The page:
Proteins constitute a large and highly variable group of biological molecules, central to all known biological systems. Proteins regulate chemical reactions, provide structural support, control physiological responses and mediate immune responses. This ability to impact almost every aspect of biological processes has made them the focus of the Biopharmaceutical industry.

The range of Biopharmaceutical products has expanded greatly and now includes such products as hormones, enzymes, growth factors, immune signalling factors and antibodies. While proteins are a highly valuable source of potential therapeutic agents, their dynamic and complex nature means the development, manufacture and commercialisation of Biopharmaceutical products remains a challenging process.

Proteins are dynamic structures and often exist in a state of flux between the native and partially unfolded intermediates. Additionally, they have evolved to function in specific environmental conditions. These characteristics provide major challenges for the manufacture and long term shelf-life of Biopharmaceuticals.

The aim of drug development is to design a formulation and a manufacturing process that ensures the protein is able to withstand these stresses, while also meeting the shelf life stipulated in the Quality Target Product Profile. Understanding degradation pathways, detecting and characterizing aggregate formation and detecting changes in structure and conformation are of great value during Biopharmaceutical development, and are central to the QbD (Quality by Design) and Design Space approaches currently being promoted by regulatory agencies.

The majority of Biopharmaceuticals are administered by parenteral routes. To ensure low injections volumes Biopharmaceuticals often contain high protein concentrations. At high concentrations, solution viscosity can become a complication by reducing injectability. Therefore, it is important to screen solution viscosity during formulation development.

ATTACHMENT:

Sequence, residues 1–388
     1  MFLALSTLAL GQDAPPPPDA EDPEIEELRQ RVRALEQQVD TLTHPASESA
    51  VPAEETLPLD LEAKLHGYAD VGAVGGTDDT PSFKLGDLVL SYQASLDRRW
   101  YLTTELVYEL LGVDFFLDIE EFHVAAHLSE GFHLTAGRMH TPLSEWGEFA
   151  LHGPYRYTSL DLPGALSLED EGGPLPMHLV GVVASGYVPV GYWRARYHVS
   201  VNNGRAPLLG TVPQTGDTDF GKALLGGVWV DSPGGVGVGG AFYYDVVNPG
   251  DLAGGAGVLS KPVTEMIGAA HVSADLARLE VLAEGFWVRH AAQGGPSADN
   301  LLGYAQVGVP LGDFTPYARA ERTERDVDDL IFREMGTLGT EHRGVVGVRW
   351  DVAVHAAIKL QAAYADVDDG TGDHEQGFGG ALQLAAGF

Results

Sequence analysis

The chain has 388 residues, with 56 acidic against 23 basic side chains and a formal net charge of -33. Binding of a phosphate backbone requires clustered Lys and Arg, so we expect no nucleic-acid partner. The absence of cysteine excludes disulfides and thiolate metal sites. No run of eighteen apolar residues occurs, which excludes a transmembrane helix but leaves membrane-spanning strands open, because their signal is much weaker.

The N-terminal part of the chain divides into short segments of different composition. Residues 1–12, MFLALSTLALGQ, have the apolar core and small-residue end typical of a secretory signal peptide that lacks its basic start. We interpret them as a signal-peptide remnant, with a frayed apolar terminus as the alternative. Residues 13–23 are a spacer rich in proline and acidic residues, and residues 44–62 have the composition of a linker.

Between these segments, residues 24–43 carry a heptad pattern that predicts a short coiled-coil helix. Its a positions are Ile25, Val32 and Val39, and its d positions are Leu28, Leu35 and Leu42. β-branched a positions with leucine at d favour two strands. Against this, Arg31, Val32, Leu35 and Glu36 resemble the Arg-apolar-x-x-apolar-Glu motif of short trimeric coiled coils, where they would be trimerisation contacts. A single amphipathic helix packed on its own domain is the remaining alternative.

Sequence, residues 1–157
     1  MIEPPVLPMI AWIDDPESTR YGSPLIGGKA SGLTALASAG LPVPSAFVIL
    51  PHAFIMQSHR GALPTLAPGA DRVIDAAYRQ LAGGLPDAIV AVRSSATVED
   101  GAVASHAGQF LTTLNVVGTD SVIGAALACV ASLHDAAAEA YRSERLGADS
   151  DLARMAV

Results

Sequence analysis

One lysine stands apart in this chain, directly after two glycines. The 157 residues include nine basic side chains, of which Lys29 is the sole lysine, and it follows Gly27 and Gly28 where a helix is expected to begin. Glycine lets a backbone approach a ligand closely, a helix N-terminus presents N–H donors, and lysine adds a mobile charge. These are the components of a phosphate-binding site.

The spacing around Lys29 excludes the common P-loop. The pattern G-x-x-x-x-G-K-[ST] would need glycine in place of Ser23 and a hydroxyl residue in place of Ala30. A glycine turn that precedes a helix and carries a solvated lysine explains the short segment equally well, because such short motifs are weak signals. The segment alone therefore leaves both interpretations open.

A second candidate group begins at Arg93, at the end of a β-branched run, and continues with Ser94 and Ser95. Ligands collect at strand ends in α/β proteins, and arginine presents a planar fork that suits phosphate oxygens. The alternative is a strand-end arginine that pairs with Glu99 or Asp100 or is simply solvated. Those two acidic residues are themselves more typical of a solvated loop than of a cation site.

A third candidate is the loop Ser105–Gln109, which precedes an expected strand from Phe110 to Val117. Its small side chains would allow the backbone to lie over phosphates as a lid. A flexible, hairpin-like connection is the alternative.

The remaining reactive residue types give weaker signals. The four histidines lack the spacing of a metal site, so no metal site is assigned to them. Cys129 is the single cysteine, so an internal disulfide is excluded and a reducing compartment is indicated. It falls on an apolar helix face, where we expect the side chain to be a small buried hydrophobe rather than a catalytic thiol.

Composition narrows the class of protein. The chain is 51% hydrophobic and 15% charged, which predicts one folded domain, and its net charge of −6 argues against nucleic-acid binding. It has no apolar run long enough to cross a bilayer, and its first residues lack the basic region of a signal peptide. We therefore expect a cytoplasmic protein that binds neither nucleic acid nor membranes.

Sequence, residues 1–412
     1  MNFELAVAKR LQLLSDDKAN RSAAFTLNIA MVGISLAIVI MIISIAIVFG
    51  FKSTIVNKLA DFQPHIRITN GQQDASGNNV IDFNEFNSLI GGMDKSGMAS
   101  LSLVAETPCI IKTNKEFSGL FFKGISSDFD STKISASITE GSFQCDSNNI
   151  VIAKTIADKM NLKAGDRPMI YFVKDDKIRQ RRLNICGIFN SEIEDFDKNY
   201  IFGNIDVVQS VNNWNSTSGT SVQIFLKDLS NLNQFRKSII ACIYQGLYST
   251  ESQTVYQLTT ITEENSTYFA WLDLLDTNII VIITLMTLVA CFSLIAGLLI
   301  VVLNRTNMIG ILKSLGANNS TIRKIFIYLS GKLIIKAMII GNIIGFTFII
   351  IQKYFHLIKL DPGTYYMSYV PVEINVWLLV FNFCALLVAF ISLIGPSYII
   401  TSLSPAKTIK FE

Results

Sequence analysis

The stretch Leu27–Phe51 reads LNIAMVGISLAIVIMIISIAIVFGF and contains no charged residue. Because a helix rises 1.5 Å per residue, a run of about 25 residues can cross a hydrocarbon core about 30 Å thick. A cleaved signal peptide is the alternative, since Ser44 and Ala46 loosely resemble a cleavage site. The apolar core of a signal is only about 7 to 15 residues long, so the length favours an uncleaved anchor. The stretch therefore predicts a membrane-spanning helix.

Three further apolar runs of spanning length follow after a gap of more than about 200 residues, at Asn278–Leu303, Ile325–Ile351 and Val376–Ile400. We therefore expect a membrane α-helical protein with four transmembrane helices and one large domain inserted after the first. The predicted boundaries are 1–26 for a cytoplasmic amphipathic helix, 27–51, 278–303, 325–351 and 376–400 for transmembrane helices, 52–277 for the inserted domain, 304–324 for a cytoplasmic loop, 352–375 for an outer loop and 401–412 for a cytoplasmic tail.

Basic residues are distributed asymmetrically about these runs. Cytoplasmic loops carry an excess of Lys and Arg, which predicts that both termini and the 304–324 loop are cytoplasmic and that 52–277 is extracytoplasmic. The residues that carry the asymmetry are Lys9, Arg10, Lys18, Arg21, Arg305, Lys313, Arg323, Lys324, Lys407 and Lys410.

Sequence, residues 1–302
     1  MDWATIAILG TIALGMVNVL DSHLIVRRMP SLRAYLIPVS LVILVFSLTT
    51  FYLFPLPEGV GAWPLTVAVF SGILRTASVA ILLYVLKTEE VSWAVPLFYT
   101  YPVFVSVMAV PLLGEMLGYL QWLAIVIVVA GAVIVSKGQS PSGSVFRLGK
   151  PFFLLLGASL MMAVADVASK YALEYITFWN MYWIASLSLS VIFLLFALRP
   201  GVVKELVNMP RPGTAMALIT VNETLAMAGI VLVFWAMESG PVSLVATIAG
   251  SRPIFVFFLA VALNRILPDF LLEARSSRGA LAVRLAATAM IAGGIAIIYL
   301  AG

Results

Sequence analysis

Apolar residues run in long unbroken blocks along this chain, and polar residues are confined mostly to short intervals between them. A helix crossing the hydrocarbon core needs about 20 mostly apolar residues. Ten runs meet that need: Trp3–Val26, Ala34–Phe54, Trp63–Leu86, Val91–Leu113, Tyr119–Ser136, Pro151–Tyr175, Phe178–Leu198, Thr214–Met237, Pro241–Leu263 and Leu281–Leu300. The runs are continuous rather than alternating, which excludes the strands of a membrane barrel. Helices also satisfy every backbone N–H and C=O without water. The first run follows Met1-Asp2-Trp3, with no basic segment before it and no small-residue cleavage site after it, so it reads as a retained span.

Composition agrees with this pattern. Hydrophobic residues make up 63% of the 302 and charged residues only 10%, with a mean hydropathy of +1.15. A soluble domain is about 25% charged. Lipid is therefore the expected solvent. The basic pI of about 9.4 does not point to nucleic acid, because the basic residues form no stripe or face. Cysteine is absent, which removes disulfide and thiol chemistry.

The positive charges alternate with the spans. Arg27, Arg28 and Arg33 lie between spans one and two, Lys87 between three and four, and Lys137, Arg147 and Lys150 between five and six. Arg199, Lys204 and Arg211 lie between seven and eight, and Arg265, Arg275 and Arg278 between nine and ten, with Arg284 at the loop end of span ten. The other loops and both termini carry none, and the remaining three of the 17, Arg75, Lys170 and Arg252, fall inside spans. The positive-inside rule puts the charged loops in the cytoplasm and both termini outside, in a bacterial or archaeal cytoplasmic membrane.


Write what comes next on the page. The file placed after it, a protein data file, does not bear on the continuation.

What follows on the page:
A growing trend is the use of pre-filled syringes, which contain silicone oil as a lubricant to facilitate the injection process. However, the presence of silicone oil droplets can impact particle characterization, while also promoting aggregate formation. Therefore, it is important to evaluate of potential impact of these and other contaminants, on the active protein and the patient.

The consequences of protein aggregation can vary, but often include loss of efficacy, reduced shelf-life and immunogenicity. Protein oligomerization will also affect activity and drug efficacy. Due to the impact on patient safety, immunogenicity is the most significant impact of aggregation and is major concern of regulatory agencies. Therefore, it is important for aggregated species, including soluble aggregates and subvisible particles, to be fully characterized using the Archimedes and/or Nanoparticle Tracking Analysis (NTA).

Understanding the progression and characteristics of these degradation pathways is an important aspect of product knowledge that can aid drug development and facilitate problem solving. This requires the coupling of protein aggregate detection with characterizing protein structural attributes.

Whether in early stage pre-formulation screening or a legacy commercial Biotherapeutic, product knowledge is central to optimising stability, manufacturability and problem resolution. Our solutions can be applied to many of the problems associated with the development and commercialisation of protein therapeutics. 

We can characterize proteins from monomers up to 10µm subvisible particles:

We have a range of High-throughput Screening tools to support early stage formulation and candidate screening. 

Our advanced protein characterization tool set enable detailed studies of;

These characteristics are central to the understanding of protein function, predicting / assessing stability and characterizing degradation pathways. Such knowledge can support the design of formulations and Bioprocessing parameters to ensure maximum stability and shelf-life.

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